Thursday, 22 March 2012
Cross - cultural fertilisation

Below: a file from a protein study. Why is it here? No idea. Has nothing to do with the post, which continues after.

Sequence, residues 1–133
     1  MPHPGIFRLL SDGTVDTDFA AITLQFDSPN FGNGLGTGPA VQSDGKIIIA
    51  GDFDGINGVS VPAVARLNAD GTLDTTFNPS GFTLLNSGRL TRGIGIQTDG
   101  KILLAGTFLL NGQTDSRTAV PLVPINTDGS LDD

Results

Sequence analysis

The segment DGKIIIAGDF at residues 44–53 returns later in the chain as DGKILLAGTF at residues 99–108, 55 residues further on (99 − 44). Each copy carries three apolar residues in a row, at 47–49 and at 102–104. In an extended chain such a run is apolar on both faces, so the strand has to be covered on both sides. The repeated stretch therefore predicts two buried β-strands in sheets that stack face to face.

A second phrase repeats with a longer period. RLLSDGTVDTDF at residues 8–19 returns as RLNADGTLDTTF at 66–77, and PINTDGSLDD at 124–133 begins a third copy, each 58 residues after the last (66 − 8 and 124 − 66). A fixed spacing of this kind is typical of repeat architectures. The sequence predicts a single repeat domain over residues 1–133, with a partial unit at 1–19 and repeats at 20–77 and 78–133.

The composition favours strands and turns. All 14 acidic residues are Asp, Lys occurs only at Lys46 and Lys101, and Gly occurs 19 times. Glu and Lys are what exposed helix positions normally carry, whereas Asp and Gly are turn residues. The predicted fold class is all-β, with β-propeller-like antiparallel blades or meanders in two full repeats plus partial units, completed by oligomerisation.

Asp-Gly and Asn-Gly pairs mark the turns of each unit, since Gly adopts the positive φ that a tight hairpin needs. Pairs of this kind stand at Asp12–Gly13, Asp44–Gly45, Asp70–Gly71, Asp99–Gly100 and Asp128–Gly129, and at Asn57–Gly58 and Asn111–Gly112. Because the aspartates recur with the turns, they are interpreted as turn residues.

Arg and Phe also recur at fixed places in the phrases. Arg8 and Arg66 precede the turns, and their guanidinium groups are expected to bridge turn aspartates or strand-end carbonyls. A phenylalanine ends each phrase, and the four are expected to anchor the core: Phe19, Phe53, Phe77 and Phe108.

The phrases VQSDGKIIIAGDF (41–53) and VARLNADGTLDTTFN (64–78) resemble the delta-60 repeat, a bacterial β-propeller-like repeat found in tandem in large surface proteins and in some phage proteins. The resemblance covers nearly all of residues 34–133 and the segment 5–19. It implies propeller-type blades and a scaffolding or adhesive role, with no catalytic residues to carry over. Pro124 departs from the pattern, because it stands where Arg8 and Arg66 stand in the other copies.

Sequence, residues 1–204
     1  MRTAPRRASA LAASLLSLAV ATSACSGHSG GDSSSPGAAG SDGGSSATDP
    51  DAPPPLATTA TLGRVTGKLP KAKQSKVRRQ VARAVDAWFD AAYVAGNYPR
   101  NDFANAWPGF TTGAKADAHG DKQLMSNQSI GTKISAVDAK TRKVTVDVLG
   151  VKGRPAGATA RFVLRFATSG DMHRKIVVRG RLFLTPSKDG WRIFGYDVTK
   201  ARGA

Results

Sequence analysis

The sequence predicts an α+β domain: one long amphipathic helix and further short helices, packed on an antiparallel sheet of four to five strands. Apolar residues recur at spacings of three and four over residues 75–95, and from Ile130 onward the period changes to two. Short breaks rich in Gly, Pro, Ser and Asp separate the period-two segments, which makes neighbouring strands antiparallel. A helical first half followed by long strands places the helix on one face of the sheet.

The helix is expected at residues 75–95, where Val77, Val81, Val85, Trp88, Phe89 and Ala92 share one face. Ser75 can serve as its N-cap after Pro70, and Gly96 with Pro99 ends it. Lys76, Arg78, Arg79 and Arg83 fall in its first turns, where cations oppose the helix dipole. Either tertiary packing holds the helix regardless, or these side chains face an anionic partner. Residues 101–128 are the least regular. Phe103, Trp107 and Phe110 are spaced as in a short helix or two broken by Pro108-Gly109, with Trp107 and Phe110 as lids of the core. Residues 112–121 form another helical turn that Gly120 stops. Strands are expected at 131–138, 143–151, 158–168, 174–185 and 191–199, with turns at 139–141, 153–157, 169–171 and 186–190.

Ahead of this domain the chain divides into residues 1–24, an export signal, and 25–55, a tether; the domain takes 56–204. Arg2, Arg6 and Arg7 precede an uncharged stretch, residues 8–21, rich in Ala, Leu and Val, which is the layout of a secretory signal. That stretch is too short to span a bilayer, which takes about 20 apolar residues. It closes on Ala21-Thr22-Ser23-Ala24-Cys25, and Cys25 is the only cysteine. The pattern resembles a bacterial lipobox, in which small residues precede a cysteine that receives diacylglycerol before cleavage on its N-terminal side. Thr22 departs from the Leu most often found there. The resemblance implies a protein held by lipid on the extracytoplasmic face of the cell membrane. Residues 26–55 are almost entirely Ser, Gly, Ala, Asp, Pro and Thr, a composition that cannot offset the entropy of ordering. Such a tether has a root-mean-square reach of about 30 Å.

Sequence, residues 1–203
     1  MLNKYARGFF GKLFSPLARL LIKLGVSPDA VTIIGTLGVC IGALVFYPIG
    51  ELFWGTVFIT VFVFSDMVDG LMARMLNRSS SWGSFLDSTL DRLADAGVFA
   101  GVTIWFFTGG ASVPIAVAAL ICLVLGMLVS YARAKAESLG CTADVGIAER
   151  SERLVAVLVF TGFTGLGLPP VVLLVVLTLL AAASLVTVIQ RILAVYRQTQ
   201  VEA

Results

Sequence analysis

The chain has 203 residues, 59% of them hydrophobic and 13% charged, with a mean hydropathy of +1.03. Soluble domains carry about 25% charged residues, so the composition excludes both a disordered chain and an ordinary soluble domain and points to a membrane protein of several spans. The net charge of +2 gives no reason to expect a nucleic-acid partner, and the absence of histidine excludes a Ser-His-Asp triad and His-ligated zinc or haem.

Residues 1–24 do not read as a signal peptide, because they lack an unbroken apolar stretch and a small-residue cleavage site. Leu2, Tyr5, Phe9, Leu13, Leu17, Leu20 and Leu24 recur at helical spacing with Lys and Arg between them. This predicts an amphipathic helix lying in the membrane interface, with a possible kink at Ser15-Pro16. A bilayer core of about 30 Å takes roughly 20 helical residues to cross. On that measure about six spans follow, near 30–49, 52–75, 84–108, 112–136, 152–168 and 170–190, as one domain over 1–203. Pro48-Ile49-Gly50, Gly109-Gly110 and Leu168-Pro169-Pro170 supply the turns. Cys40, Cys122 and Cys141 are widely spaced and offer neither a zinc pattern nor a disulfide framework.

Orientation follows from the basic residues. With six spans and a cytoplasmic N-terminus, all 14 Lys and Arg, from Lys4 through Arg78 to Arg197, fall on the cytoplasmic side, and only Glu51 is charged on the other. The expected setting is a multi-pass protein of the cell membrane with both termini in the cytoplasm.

A reader has commented on the arcane rituals associated with the working of the raffle at the end of a Moffat coffee morning. Ticket holders draw up chairs in front of the table below the dais, where the tickets have been sold. The ritual requires three officers: a holder of the ticket stubs where buyers names and contact details eg telephone number have been inscribed; a prize fetcher who selects the prizes in strict order and a disinterested figurehead (in the case of Moffat Book Events' coffee morning, me) who draws the prize-winning tickets one by one out of a wicker basket holding all the eligible tickets. I am proud to be able to claim that I introduced the concept of the raffle to Moscow. I was at a conference where some valuable object was donated and the question arose: how most fairly to award it to a member of the audience. Conversely, I successfully persuaded the organisers of the Jan 2012 W G Sebald gathering in Aldeburgh to adopt the immensely sensible Russian practice of dealing with questions to the platform from members of an audience. Questions are written on slips of paper and passed to messengers roving up and down the ends of rows to the platform, where they can be dealt with one by one. This only works fairly if every slip is seen to be opened and dealt with, of course. This method deals with time-wasting speechifiers and encourages people to make their questions more precise. Diffuse, ill-framed questions can briskly be paraphrased by the speaker when he addresses them, or several similar ones be lumped together or self-evidently be demonstrated to already have been asked. This Russian method, however, permits insults or even death threats to the speaker, as was the case at public gatherings where Fr Alexander Men was the speaker, which warned him of his fate but did not daunt him.